By Paul Reilly
“The manager has just one business. His equation tells him that if he prices a little too low, it’s not that serious. But if he prices too high, he sees himself screwing up the only thing in his life. And no one knows what raising prices will do. For the manager, it’s all Russian roulette…someone with wide experience and distance from the scene should set prices in certain cases.”
— Warren Buffet in Tap Dancing to Work by Carol Loomis
In this interview, Buffet explains why managers are more likely to charge lower prices than they should. They’re too concerned about pricing themselves out of a sale. Because of this tendency, managers often leave too much money on the table.
This brings up an interesting question. Who should control pricing? The closer you are to the deal, the less control you should have. Pricing should be driven down from the highest levels of the organization.
Salespeople are just too close to the sale. If a salesperson must slightly discount to ensure a sale, they are going to do it. From a salesperson’s perspective, the risk of losing a deal is more painful than discounting a few percentage points. However, every dollar discounted is pure profit lost. Think about how much money is left on the table.
The current economic crisis further exaggerates loss aversion. For most sellers, business is down and we’re unsure when it will rebound. The fear of losing business, coupled with economic uncertainty, makes discounting seem like the right decision. Sellers justify this discounting behavior by saying, “We can’t afford to lose any more business. Something is better than nothing.”
Consider the long-term implications discounting has on your business. Before heading down this road, here are three things to consider:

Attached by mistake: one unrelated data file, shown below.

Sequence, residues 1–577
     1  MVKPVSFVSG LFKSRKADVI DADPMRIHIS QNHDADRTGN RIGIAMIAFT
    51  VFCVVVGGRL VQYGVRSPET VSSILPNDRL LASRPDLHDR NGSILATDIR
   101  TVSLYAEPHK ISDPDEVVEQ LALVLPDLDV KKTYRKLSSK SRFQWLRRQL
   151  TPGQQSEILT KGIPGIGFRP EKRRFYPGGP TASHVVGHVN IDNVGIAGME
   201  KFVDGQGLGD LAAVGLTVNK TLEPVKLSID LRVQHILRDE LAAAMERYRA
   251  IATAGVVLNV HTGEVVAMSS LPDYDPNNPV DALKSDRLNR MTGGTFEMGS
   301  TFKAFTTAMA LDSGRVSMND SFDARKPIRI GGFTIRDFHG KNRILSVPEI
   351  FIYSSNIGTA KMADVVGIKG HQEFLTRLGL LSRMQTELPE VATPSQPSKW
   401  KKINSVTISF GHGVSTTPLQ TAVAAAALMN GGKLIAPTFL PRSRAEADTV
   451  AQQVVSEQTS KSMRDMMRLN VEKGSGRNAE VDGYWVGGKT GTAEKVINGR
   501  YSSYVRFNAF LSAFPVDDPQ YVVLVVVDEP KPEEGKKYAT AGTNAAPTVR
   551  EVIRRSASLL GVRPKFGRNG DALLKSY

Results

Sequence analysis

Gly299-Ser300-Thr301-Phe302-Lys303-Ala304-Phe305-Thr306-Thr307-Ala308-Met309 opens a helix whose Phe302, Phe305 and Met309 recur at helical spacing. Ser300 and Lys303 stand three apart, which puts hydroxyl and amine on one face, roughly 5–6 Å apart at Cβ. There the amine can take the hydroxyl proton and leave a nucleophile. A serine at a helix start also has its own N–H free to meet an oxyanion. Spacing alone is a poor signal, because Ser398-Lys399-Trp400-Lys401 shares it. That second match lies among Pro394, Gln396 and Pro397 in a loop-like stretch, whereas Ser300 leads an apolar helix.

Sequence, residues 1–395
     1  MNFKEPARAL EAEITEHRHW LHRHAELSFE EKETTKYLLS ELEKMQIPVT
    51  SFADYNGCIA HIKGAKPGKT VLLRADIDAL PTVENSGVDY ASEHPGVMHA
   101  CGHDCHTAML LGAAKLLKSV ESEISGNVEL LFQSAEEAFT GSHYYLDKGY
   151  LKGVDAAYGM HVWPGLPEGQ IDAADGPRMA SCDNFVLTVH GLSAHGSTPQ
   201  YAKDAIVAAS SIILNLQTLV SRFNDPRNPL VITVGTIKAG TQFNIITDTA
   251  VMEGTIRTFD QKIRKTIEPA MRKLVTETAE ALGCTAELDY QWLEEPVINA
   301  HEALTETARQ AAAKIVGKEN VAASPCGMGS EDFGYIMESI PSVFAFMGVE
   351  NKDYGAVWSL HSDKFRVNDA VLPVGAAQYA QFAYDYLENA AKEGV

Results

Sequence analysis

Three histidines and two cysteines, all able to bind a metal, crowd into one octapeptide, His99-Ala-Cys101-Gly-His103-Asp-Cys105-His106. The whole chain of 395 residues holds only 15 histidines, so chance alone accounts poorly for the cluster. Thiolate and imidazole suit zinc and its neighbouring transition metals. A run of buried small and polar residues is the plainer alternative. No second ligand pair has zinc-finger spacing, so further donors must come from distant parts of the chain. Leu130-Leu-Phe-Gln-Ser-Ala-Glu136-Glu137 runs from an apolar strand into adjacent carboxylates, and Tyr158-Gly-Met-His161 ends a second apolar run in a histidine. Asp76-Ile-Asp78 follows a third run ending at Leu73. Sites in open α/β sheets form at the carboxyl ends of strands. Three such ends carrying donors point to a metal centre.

- You are establishing a new reference price. From now on, the buyer will expect a discounted price. The newly discounted price sets future budgets and influences future negotiations. You are demonstrating a willingness to discount.
- Discounts cheapen your image. Price is a benchmark for quality and performance. By lowering your price, you’re telling the buyer the solution is less valuable. Our research shows that if you offer a better solution, with better service, and lower overall cost, you don’t need to match the competitor. Even in the most commoditized industry, buyers are willing to pay 10 percent more for the better overall solution.
- Deep discounting screams of desperation. When companies are desperate and experiencing financial stress, they fire-sell their inventory. When salespeople are desperate to close a sale, they rely on deep discounts. Customers don’t want to work with desperate salespeople selling for desperate companies. This desperation creates doubt. Buyers perceive a partnership with you as “too risky.” Many sellers often use a cheap, desperate competitor to gain a selling advantage. If your competitor prices their solution too low, what does that say about their company? Deep competitor discounts create an opportunity for the seller to cast some doubt on that solution. For example:
“Mr. Buyer, the pricing seems a little desperate. If the competitor thinks their solution is only worth that amount, I am in no position to disagree with them. I can only explain the value of our solution and how it impacts your business…”
Casting a little doubt refocuses the conversation on your value, not the competitor’s low price.
Selling profitably in tough times requires commitment and courage. Commitment to creating value and the courage to make tough pricing decisions. Discounting is too expensive in good economic times. In tough times, the high cost of discounting is too costly to bear. Deep discounting sets a new pricing expectation, harms your image and creates doubt in the buyer’s mind. Think twice before you discount. Confidently and courageously hold the line.